Why We Disagree About Cimate Change by Mike HulmeAfter his death, the secret and subversive writings of this Ishmael of the Renaissance were eventually sucked into illicit circulation and across the Alps so as to torment both Protestant and Catholic divines, some of whom must have delved the depths of this stark social analysis – we know this from the way they most clearly delineate its dangers. And his analysis of religion is what hit them with the most shocking force.

It was not that Machiavelli condemned the propagation of religious dogmas by the state. Rather, he agreed with the Roman historian Livy, that, in times of peace, the state-institution of religion is the principle means by which social leaders can keep society from tearing itself apart, even allowing it to prosper. But while Machiavelli praised the healthy social effect of the state-management of religions in ancient Roman (at least according to Livy’s fabulous account), he found the management of religion in modern Rome inherently self-destructive and irredeemably decadent.

From his unfettered pen flowed a most unspeakably damming assessment of the church leadership, a stark clinical analysis now well corroborated by our histories of these times. But this was no cause for cheer among the Protestants, for he also attacked the Christian religion itself, for inadvertently promoting this corruption and decadence. Such Christian teachings as turning-the-other-cheek, and the deferred to the after-life of reward for virtuous social actions, these only served to keep the virtuous down and trampled by those who could affect the appearance of piety even as they lost all sight of virtue in their pursuit of their own interested and this-worldly power. This placed in the firing line, as much the Roman curia, also Martin Luther – that once-young conscience-driven activist who had became increasingly dogmatic and authoritarian under the protection of his supporting princes. And so by the 17th century we find across the European states sporadically ravaged by internecine warfare and trying desperately to reassert their spiritual authority, that this brave Tuscan atheist with his powerful analysis of the realpolitik won the terrible reputation, as, himself, a diabolical threat to civil virtue and social order. Continue reading

An Insider’s History of the Global Warming Scare.

Review: The Discovery of Global Warming, by Spencer Weart, Harvard, 1st edition, 2003

The Discovery of Global Warming 1st EdClimate Change Science as it is known today is a very young science. Many of those that first raised the alarm about our bringing upon ourselves catastrophic global warming, like Schneider and Hansen, are still with us today. In the late 1960s and 70s concern was mounting about the possible local and then global affect of pollution on climate, including cooling and warming. But it was not until the 1980s that the alarm over carbon dioxide driven warming really began.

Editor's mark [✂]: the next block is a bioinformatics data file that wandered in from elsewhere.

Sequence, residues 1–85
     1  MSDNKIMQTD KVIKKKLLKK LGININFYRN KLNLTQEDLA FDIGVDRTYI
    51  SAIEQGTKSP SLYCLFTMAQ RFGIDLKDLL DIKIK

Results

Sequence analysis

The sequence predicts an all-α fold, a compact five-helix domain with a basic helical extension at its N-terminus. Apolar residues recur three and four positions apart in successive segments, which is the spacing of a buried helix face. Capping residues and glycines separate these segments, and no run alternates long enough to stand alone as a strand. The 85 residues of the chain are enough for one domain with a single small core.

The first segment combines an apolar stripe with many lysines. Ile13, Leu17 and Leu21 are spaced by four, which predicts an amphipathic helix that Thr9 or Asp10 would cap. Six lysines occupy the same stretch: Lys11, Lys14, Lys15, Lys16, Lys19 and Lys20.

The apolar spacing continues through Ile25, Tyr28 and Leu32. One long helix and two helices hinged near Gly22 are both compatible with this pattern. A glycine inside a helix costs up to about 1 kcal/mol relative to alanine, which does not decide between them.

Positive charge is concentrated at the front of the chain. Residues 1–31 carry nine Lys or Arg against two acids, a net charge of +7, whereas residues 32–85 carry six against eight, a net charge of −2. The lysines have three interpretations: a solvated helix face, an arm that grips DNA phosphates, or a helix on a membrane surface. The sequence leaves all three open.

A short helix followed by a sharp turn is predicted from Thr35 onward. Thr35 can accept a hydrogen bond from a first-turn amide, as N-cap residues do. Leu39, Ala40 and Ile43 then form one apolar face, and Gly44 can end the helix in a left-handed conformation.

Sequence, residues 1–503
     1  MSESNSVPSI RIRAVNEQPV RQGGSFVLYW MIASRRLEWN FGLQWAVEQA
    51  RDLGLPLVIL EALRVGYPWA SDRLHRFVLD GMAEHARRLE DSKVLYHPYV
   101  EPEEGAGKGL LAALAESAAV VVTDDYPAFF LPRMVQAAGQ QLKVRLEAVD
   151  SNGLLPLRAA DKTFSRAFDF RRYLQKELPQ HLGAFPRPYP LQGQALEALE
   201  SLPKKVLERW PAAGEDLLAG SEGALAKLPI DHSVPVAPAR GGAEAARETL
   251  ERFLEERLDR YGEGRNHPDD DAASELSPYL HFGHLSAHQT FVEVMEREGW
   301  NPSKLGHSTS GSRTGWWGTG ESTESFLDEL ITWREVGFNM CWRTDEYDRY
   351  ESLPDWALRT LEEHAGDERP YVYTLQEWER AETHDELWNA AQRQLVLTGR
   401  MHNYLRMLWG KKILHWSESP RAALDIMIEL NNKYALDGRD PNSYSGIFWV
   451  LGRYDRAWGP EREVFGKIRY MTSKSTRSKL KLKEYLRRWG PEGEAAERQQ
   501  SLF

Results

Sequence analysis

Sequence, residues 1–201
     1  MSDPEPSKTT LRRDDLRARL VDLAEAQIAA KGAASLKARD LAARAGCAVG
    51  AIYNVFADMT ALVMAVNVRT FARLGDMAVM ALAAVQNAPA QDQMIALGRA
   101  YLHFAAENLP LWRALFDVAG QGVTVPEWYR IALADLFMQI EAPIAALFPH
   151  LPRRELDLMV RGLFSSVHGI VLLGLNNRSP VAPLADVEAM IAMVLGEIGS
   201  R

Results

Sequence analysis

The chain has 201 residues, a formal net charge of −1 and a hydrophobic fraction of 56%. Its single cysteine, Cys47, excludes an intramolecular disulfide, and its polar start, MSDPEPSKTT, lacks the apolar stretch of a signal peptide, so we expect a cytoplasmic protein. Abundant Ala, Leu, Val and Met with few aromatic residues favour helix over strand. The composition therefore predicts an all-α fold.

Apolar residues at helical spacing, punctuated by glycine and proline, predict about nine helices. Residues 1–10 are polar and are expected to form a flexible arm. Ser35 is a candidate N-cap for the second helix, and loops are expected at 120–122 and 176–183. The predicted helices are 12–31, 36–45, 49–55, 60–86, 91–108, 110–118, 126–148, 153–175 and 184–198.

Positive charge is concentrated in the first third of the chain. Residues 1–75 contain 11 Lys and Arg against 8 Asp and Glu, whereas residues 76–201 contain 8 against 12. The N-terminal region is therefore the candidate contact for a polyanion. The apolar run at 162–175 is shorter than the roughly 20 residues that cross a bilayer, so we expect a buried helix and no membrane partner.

Of the most recent past, can one really write a history? The closer an account of events moves towards the present the more recedes the special virtues we seek in history, and so it is hard to pick out which recent developments really matter in the long run. With such caveats Spencer Weart begins the final chapter of his The Discovery of Global Warming (2003), but they might just as well apply to the entire subject, and this is all the more so from the sceptic’s point of view; for the question of want has been discovered, if anything at all, may well be revealed to all in good time.

But in different ways for the advocate and the sceptic, the subject is too important to leave alone. For Weart, it is by tracing how scientists, politicians, journalists, and ordinary citizens pushed and pulled at one another in the past, we can be better prepared to deal with the fatal issues that confront us.  Whereas for the sceptics, the value in examining the history of the global warming scare is to discover just how it was that this came to be seen as a fatal issue – threatening no less the survival of humanity – so as to understand the phenomenon of alarmism as it manifests in modern society (see eg Scared to Death by Booker & North).

At this blog, our particular interest is in how this scare was manifest and propagated by scientists, and through the great institutions and organs of sciences, upon a grotesque distortion of conventional scientific practice. And one thing that is well demonstrated, acknowledged and even promoted in Weart’s history is that the development of the science (and so its corruption) is almost inextricable from – in fact it thrived upon – the very scare it generated across the politique.

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The Discovery of Global Warming story begins by taking us back beyond the doomsayers of our time, to the early 19th century, when the French scientist Joseph Fourier discovered that it is greenhouse warming – the trapping of heat by the reflection of infra-red radiation – that explains the retention of the sun’s heat in the atmosphere. Next it was a contemporary of Darwin and Lyell, John Tyndall, who measured the reflective qualities of specific gasses, only to find that the main atmospheric gasses, oxygen and nitrogen, were transparent to this radiation, and so performed no such reflective warming. Tyndall soon discovered methane and CO2 to be greenhouse gasses, but as there were only traces of these in the atmosphere it could not be these that are keeping us warm. Soon he had the answer, that it is in fact water vapour that is the predominant greenhouse warmer of our planet. So, by the late 19th century, with the greenhouse life-nurturing effect of our moisture-laden air well establish, the next question was of climate stability and the cause of its known variation. Continue reading